The moral conclusion of this story is comprehensible to us. Saint Paul points it out: woman is called to be in submission to man. The head of the woman is the man; the head of every man is Christ ... ; for the man is not of the woman, but the woman of the man (1 Cor. 11:3,8). But why did Moses speak specifically of the manner in which woman was created? He undoubtedly had the intention of protecting the minds of the Hebrews from the fictions of mythology and, in particular, from the mythology of ancient Mesopotamia, the homeland of their ancestors. These sordid and morally corrupting tales tell of how the world of gods, the world of man and the world of animals are in some way merged together: goddesses and gods form unions with men and animals. We find a hint of this in the depictions of lions and bulls with human heads, which are so widespread in Chaldeo-Mesopotamian and Egyptian art.' The Biblical account of the creation of woman supports the concept that the human race has its own, absolutely unique, independent origin and keeps its physical nature pure and distinct from the beings of the supernatural world, and from the lower realm of animals. That this is so is evident from the preceding verses of the account: And the Lord God said, It is not good that the man should be alone; let us make for him a help suitable for him (Gen. 2:18). And He brought all the wild beasts to Adam, and Adam gave them names, but for Adam there was not found a helpmate like to himself (Gen. 2:20). Then it was that God put a trance upon Adam and made him a wife out of one of his ribs.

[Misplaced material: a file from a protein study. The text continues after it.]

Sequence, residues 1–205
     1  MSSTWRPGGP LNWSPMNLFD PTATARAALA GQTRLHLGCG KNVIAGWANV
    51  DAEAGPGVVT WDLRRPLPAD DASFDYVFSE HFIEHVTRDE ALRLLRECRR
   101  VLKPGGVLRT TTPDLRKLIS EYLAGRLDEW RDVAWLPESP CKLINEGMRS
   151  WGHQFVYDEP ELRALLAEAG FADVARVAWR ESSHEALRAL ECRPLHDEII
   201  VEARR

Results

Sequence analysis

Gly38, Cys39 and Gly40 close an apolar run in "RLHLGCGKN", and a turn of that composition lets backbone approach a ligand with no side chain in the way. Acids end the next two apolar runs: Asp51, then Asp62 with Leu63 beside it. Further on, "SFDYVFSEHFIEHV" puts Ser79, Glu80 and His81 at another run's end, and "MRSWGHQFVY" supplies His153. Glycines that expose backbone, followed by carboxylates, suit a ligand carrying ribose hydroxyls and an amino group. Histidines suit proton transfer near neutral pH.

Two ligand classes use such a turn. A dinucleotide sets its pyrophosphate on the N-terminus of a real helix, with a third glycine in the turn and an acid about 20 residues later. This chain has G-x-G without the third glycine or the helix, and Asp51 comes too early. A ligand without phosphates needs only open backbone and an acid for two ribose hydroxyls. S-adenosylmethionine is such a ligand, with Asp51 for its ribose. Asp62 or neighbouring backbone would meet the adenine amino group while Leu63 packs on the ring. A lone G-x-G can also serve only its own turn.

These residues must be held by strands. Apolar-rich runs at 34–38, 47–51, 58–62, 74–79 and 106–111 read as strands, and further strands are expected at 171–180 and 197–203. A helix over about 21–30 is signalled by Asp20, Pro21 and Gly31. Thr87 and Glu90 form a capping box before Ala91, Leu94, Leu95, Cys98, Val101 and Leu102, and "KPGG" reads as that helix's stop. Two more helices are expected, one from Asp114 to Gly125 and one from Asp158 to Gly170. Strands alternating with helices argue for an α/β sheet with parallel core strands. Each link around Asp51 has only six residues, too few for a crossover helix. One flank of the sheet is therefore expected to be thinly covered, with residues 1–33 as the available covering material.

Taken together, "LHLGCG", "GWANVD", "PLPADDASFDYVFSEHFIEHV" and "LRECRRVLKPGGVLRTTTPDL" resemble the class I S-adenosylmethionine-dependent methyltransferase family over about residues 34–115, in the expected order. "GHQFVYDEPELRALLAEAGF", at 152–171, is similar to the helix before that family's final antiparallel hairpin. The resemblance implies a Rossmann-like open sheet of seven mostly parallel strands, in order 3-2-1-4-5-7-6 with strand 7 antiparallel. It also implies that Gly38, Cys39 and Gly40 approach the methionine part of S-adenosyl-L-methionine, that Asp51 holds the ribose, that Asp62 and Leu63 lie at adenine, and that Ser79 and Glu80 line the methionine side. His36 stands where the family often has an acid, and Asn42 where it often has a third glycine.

Thus, after the truth of the unity of God, the truth of the unity, independence, and distinctness of the human race is confirmed. It is with these two basic truths that Saint Paul begins his sermon on the Areopagus in Athens: God is one, and He hath made of one blood all nations of men for to dwell on all the face of the earth (Acts 17:26). The account of the creation of man and of the origin of the human race which is given in the book of Genesis deals just such a blow to polytheistic, mythological concepts, as did the story of the creation of the world.

The first people lived in paradise, in Eden, that most beautiful garden. The dawn of humanity is illumined by rays of the Sun of Grace in Moses' account. Now, under the influence of some cave discoveries, early man is usually depicted for us in the gloom of a cave, so as to make a repugnant impression with his animal-like shape, with a protruding lower jaw, with a threatening or frightened expression in his eyes, with a cudgel in his hand, hunting for raw meat. However, the Bible tells us that, although man was in a childlike state in the spiritual sense, he was still a noble creature of God from the beginning of his existence; that from the beginning, his countenance was not dark, not gloomy, but radiant and pure. He was always intellectually superior to other creatures. The gift of speech gave him the opportunity to develop his spiritual nature further. The riches of the vegetable kingdom presented him with an abundance of food. Life in this most beneficent climate did not require much labor. Moral purity gave him inner peace. The process of development could have taken on a higher form, one which is unknown to us.

In the animal world, although it stands lower than man, we observe many noble-featured, harmoniously built species in the kingdoms of fourlegged animals and birds which express beauty and grace in their external features. We observe so many gentle animals, prepared to show attachment and trust and, what is more important, to serve in almost a disinterested way. There is also much harmony and beauty before us in the plant world and, one could say, the plants compete to be of service with their fruits. Why then is it necessary to conceive of early man alone as deprived of all the attractive and beautiful features with which the animal and plant kingdoms are endowed?